If only you could time travel back in time to document a process using a diagram so that in the current day you or anyone else could easily answer any questions about the “why’s” of a process or procedure. Prevent this lapse of information for future questions and diagram your process!


Take Time to be in the Present

Although your stakeholders (and you) might be very familiar with the tasks and workflow used with a given process, it is still beneficial to take the time to depict current “as-is” diagrams.   These diagrams are helpful to illustrate current interactions between actors and systems as well as point out manual tasks that might be targets for process or system improvements. Current state/as-is diagrams can also serve as a valuable documentation tool. New employees and auditors alike tend to appreciate the information conveyed in a diagram.

Additionally, going through the process of building out diagrams for current business systems and stakeholder processes can help demonstrate the need for better written procedures. Current state diagrams can also help point to key performance indicators when changes are proposed. For instance, when comparing the proposed future state to the current state, time-consuming manual tasks will hopefully be earmarked for potential elimination. Having these diagrams at your fingertips can make these improvement opportunities stand out, which will make the task of quantifying the time saved or cost savings (or whatever differences) that much easier to document.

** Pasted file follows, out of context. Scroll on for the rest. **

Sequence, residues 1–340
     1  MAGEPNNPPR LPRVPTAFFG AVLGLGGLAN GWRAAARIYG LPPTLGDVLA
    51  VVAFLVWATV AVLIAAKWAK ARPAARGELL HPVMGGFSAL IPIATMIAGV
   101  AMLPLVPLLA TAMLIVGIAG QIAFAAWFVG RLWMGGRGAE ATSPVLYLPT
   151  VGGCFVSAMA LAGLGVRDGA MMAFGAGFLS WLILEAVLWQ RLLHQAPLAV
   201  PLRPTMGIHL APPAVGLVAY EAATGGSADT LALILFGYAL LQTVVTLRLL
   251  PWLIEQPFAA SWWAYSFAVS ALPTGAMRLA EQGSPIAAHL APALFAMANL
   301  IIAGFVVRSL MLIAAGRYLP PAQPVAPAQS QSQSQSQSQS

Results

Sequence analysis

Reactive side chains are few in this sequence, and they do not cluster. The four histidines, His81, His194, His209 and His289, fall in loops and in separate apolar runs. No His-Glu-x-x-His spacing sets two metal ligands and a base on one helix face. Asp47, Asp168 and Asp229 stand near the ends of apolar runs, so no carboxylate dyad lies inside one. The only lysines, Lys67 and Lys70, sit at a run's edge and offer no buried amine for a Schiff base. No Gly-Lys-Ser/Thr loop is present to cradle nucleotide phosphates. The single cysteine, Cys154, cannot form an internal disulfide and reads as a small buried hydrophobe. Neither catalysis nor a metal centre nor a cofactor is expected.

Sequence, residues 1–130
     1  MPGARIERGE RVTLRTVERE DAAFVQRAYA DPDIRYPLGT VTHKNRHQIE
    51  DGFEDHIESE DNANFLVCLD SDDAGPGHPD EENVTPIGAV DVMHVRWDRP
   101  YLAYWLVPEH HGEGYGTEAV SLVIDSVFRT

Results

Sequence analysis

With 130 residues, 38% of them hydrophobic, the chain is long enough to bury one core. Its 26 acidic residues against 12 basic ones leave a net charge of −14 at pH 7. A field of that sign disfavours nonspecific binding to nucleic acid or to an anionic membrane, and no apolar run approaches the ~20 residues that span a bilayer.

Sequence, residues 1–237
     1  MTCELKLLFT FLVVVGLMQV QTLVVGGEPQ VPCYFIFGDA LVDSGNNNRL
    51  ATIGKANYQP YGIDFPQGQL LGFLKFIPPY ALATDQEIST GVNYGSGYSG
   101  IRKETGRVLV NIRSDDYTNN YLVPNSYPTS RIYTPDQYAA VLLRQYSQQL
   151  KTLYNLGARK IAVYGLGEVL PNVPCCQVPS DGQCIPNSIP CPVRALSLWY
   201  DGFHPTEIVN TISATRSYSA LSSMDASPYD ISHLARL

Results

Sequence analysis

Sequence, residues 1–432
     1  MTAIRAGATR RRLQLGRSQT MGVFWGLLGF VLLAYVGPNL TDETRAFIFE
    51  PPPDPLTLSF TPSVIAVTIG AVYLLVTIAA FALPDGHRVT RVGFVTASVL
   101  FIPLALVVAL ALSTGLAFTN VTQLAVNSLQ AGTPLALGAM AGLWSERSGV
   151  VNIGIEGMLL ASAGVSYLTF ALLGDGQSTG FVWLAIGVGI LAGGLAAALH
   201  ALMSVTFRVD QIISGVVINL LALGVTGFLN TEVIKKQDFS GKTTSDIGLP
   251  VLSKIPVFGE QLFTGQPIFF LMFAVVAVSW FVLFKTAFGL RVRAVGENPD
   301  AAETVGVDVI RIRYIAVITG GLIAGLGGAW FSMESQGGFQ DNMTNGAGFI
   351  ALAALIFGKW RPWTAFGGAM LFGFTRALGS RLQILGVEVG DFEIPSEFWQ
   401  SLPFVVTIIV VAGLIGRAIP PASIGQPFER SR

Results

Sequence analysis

Illuminate the Future

Future state or “to-be” diagrams can help to illuminate the roadmap for upcoming changes, whether that might be a business process, a system component, or a new business system altogether. For instance, they can help define system changes and plan improvements to technical interfaces, thereby avoiding future outages. They can help to confirm our understanding of impending changes to processes and to thereby plan accordingly. They can also help identify the business processes that may become obsolete. Future state diagrams can also help the organization stay focused on the planned and specified changes or help to inform decisions to adjust the plan if necessary.